Anti-Semitism has come to the forefront in European media this week after an anti-Semitic cartoon was published in Spain and an Austrian prosecutor said that a magazine was justified in describing Holocaust survivors as a “plague.”
In Spain, the Jewish community is threatening legal action against the satirical left-wing magazine El Jueves, in which a cartoon was published showing hook-nosed Israeli soldiers urinating on Palestinians. Another part of the cartoon shows a hook-nosed Jew pushing a beaten Jesus. Along with these images, the illustrator alleges that Israel is “apartheid 2.0.”
“This is absolutely outrageous and obviously we are going to be seeking legal remedies,” said David Hatchwell, the president of the Jewish community of Madrid and vice president of the Federation of Jewish Communities in Spain, the Jerusalem Post reported.
“This [cartoon] could be taken from the Nazis’ Der Sturmer and nobody would notice the difference….These are lies, totally non-factual, and it’s done in a sophisticated enough way that people who know nothing about the conflict will think that Israelis are Nazi-like oppressors and it affirms every myth [about Jews] in Europe [held] for thousands of years,” he said, calling the cartoon “pure anti-Semitism.”
At the same time, survivors of Nazi concentration camps are outraged over a remark by an Austrian prosecutor approving of an article in the July/August 2015 edition of Die Aula, which stated that “the fact that a non-negligible portion of freed prisoners became a plague on people is deemed by the judiciary to have been proven and is only disputed today by concentration camp fetishists.”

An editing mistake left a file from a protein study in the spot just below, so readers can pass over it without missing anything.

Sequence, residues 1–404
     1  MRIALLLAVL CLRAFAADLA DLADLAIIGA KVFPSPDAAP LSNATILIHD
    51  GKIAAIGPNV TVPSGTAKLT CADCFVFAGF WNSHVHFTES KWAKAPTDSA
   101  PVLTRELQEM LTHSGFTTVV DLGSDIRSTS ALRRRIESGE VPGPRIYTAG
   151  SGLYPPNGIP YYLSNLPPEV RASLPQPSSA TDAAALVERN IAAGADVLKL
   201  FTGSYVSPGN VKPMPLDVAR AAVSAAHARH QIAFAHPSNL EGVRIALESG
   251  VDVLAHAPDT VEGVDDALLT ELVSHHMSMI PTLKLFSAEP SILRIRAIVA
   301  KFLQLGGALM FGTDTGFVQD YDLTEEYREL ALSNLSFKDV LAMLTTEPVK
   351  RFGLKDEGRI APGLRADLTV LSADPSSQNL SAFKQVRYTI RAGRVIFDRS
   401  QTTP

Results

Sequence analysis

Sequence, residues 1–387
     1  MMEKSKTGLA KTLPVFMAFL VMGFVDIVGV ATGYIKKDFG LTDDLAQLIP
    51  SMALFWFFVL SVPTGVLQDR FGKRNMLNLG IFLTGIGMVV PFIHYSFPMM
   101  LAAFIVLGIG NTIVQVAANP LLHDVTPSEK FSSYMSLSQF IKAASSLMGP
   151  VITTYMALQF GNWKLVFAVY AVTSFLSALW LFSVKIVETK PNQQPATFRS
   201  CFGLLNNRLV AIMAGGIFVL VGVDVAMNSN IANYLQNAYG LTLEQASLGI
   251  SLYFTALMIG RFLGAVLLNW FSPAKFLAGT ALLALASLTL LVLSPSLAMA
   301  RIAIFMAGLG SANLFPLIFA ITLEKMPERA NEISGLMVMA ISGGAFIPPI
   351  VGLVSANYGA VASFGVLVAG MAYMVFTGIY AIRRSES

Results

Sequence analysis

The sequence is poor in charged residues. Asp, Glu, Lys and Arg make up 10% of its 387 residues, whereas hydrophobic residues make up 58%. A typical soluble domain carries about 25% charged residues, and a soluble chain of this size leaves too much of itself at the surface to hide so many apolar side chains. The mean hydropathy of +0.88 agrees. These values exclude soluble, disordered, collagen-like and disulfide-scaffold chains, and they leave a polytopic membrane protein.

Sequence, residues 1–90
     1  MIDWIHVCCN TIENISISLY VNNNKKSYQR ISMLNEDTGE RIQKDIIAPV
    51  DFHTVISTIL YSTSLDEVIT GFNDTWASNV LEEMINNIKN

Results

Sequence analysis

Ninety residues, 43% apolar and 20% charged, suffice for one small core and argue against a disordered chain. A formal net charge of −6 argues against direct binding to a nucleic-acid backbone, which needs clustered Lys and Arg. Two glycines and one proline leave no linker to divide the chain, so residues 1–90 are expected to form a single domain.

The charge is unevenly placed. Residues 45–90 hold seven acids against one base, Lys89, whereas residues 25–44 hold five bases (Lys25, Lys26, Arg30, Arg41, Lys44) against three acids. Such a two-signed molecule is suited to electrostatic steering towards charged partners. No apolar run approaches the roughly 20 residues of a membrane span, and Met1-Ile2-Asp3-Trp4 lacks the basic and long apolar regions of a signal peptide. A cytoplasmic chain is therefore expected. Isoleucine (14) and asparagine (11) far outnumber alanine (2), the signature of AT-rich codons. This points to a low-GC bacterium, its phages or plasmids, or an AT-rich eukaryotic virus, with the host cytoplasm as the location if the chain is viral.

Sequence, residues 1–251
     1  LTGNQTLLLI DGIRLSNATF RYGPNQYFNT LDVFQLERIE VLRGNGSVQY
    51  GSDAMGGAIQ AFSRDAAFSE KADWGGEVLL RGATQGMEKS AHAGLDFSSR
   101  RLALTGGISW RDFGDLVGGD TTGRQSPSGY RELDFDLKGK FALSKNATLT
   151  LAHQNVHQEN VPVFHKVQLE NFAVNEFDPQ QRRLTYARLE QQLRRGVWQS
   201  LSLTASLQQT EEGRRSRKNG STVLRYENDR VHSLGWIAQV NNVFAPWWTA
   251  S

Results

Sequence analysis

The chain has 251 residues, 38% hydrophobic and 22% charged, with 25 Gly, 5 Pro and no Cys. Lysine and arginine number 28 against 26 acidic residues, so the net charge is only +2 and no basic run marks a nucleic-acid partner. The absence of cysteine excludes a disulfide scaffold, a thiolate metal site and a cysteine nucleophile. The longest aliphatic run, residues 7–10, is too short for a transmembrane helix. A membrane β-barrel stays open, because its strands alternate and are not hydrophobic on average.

The remark referred to those who survived the Mauthausen concentration camp. Prosecutors in the southern Austrian city of Graz had started a legal proceeding against the author of the article on charges of Holocaust denial and incitement to hate, but have since dropped the charges. The new controversy stems from remarks made by the Austrian prosecutor’s office explaining its decision that “it is plausible that the release of several thousand people from the Mauthausen concentration camp presented a burden for the affected areas of Austria.”
The International Mauthausen Committee, an umbrella group of national organizations of concentration camp survivors, said that while “it is not disputed that food necessary for survival was procured in a few cases against the will of the affected local population…to describe the term ‘plague’ as appropriate as a result not only flies in the face of historical fact, but also ridicules concentration camp victims who are still alive.”
In other Holocaust-related news, 93-year-old Reinhold Hanning of the western German city of Detmold was put on trial in Germany as an accessory to the murder of at least 170,000 people for his role as a guard at the Auschwitz concentration camp.
“When you think of these cases, don’t think of frail, old, sick men and women, but of young people who devoted their energies to a system that implemented the [Nazis’ so-called] Final Solution and aimed to obliterate the Jewish people,” said the Simon Wiesenthal Center’s Nazi hunter Ephraim Zuroff, Reuters reported.